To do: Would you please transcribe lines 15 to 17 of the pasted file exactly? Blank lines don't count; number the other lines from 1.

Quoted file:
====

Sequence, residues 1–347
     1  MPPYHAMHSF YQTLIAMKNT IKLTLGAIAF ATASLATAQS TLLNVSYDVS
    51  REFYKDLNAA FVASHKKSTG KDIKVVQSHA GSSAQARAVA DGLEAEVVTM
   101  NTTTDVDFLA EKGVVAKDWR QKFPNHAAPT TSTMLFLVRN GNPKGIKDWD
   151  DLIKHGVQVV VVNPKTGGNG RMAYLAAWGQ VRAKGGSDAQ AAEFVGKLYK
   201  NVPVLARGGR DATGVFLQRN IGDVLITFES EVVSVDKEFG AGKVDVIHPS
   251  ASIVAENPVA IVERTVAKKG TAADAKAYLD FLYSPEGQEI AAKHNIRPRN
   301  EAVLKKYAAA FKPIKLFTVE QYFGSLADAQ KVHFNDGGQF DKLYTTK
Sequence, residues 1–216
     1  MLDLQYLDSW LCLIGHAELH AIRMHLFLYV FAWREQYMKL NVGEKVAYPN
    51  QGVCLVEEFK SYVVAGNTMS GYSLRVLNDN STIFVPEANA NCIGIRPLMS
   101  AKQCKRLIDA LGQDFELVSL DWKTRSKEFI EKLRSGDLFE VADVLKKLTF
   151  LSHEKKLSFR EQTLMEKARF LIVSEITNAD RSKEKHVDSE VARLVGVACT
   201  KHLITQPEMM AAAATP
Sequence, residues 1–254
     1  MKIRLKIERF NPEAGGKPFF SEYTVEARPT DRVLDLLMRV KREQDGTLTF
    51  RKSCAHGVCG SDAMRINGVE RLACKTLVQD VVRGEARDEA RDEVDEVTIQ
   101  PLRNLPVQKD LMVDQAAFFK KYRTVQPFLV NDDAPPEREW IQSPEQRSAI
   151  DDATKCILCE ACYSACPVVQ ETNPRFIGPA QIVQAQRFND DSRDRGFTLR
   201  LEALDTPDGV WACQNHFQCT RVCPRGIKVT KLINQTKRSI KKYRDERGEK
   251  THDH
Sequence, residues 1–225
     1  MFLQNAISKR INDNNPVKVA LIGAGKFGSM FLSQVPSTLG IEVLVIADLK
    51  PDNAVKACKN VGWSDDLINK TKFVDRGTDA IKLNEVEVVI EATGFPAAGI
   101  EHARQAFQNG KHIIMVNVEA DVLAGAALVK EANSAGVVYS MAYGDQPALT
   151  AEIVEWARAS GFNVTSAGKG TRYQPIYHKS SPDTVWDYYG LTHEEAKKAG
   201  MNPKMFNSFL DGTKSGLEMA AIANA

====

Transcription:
Sequence, residues 1–254
     1  MKIRLKIERF NPEAGGKPFF SEYTVEARPT DRVLDLLMRV KREQDGTLTF
    51  RKSCAHGVCG SDAMRINGVE RLACKTLVQD VVRGEARDEA RDEVDEVTIQ